1992 TOR OAK TOR won 6
1985 TOR KC TOR lost both

Sabathia battled through six innings, throwing 112 pitches, and allowed 11 hits. But he did not walk a batter while striking out seven. He had runners on base in every inning, but the Rangers, besides struggling with runners in scoring position, also hit into two double plays with Sabathia on the mound.

The Rangers are only the second team in postseason history to get as many as 13 hits and score two or fewer runs. It also happened 90 years ago. The Brooklyn Dodgers had 13 hits in an 8-1 loss to the Cleveland Indians in Game 5 of the 1920 World Series.

"Sabathia did a great job," outfielder Jeff Francoeur said. "It seemed like we got two or three hits every inning, but we weren't able to get any runs across. That's CC. He just challenges you, but he's not going to give in. He did a good job of mixing it up and keeping us off-balance."

Wilson, after two terrific outings in his first two playoff starts, lasted just five innings, allowing six runs, five earned, on six hits and four walks. One of the walks was intentional. The other three -- including two that led off an inning -- ended up scoring. Wilson threw 93 pitches and only 48 for strikes. That's 51.6 percent. Wilson threw 63.9 percent of his pitches (133 out of 208) for strikes in his last two outings. He is now 1-1 with a 3.92 ERA in three postseason starts.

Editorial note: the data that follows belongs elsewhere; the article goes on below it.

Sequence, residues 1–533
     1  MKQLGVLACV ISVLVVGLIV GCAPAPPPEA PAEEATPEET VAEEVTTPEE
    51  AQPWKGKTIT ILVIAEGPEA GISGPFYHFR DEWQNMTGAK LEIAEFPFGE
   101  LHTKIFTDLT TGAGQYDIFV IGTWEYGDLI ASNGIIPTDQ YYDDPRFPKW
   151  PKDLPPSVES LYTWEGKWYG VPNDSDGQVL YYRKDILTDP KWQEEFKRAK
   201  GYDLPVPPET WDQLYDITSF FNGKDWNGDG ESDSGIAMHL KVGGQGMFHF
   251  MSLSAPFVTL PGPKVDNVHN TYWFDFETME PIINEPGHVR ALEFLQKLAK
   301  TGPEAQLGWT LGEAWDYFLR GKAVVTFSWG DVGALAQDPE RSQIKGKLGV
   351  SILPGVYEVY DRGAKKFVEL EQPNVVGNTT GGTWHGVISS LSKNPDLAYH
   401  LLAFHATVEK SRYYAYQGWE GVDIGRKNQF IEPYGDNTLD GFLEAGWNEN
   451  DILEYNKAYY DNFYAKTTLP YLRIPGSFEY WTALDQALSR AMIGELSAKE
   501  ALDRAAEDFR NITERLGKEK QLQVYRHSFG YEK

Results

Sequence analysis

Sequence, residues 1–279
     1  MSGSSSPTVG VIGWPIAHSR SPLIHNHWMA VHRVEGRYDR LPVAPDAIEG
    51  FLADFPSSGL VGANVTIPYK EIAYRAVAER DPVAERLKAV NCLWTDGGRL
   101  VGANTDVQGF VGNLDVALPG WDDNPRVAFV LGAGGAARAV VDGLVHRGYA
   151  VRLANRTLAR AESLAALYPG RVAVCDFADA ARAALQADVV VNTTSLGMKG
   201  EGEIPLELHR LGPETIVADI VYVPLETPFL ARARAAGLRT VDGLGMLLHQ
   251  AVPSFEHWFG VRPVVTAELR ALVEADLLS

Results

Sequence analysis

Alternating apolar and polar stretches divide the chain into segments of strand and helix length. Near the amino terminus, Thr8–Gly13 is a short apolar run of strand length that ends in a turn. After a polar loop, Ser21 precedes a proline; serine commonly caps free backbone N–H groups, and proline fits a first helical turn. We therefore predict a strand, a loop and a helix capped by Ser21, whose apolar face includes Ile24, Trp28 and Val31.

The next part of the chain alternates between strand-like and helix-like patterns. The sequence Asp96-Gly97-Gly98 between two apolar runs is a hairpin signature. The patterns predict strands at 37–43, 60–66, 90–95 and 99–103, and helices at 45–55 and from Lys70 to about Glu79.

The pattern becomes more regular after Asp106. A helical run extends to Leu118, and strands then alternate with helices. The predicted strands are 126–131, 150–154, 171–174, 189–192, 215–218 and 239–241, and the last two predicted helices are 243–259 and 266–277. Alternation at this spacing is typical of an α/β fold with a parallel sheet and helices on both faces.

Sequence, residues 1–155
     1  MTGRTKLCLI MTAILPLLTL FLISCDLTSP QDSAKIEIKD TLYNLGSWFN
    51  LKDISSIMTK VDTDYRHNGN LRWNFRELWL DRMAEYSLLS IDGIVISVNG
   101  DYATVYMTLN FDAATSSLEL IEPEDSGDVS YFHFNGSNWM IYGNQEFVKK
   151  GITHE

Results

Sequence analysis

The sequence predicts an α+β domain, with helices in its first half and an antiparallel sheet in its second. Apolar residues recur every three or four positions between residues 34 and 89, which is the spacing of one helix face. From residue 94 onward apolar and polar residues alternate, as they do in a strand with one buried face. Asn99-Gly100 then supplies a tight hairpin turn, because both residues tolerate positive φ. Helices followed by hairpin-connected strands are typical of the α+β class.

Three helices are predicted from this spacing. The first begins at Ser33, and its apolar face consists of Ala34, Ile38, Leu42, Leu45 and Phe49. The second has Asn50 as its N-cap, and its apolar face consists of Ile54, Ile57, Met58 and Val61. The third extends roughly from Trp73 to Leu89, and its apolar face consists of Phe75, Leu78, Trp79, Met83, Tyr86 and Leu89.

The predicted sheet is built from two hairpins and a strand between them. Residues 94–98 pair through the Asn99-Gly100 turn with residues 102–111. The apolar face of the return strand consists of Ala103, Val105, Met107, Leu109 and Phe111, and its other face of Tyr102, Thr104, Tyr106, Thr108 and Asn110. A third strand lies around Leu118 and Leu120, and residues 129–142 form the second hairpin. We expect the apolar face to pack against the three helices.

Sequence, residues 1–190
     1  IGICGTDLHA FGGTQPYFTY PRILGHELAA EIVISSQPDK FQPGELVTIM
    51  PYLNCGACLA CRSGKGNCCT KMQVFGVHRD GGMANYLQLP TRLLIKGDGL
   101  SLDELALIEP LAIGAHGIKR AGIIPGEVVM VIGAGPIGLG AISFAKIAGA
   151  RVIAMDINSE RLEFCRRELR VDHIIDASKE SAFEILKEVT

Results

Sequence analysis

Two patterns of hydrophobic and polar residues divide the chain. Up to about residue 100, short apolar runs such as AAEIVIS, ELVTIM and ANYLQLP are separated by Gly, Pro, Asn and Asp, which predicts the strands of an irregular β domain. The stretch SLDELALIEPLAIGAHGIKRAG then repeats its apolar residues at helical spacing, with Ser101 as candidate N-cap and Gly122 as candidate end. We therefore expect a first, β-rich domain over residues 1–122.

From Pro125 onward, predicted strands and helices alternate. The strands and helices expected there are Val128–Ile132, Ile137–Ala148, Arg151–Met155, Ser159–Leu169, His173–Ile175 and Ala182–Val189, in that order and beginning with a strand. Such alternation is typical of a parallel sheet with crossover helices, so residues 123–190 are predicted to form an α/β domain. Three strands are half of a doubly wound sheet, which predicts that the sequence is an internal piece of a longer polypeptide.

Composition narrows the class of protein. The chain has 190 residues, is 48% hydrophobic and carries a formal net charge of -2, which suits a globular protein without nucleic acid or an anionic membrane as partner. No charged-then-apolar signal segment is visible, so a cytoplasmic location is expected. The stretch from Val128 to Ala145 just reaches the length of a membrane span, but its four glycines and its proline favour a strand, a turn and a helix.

"I had a couple of bad walks, that's frustrating," Wilson said. "Some broken bats went for hits, that's frustrating. I didn't get ahead in the count, that's frustrating. All of that added up to them scoring a lot of runs. I gift-wrapped a lot of runs. That's disappointing."

Wilson retired the Yankees in order in the first but started losing command of the strike zone in the second. He walked Alex Rodriguez to lead off the inning and Lance Berkman with one out. They both ended up scoring on singles by Jorge Posada and Curtis Granderson. That and a throwing error by Francoeur allowed the Yankees to take a 3-0 lead, and then they opened the third with back-to-back home runs from Nick Swisher and Robinson Cano.

Matt Treanor's fifth-inning home run off of Sabathia made it 5-1. But Wilson walked Swisher to start the bottom of the fifth and he ended up scoring on a double by Rodriguez and a sacrifice fly by Berkman.

The Rangers did load the bases in the sixth with three straight one-out singles by David Murphy, Kinsler and Francoeur against Sabathia. That brought up Treanor and this time he hit a slow grounder to Rodriguez at third. Rodriguez went for the out at first, allowing the run to score, and Sabathia struck out Mitch Moreland to end the inning.

That was the Rangers' last best chance. Now it's back to Arlington.

"We knew it would be tough to take two of three here but that's what we did," Francoeur said. "Now we have two chances to win one in front of our home fans. We'll take those chances."

T.R. Sullivan is a reporter for MLB.com Read his blog, Postcards from Elysian Fields and follow him on Twitter @Sullivan_Ranger. This story was not subject to the approval of Major League Baseball or its clubs.